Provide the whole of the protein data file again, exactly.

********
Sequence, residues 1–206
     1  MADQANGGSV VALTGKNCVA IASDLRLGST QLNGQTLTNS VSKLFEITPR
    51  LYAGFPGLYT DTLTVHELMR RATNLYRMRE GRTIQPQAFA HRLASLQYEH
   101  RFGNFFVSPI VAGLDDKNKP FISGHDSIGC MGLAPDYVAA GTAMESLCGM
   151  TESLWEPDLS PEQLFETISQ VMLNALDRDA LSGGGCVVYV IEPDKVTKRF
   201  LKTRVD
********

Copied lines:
Sequence, residues 1–206
     1  MADQANGGSV VALTGKNCVA IASDLRLGST QLNGQTLTNS VSKLFEITPR
    51  LYAGFPGLYT DTLTVHELMR RATNLYRMRE GRTIQPQAFA HRLASLQYEH
   101  RFGNFFVSPI VAGLDDKNKP FISGHDSIGC MGLAPDYVAA GTAMESLCGM
   151  TESLWEPDLS PEQLFETISQ VMLNALDRDA LSGGGCVVYV IEPDKVTKRF
   201  LKTRVD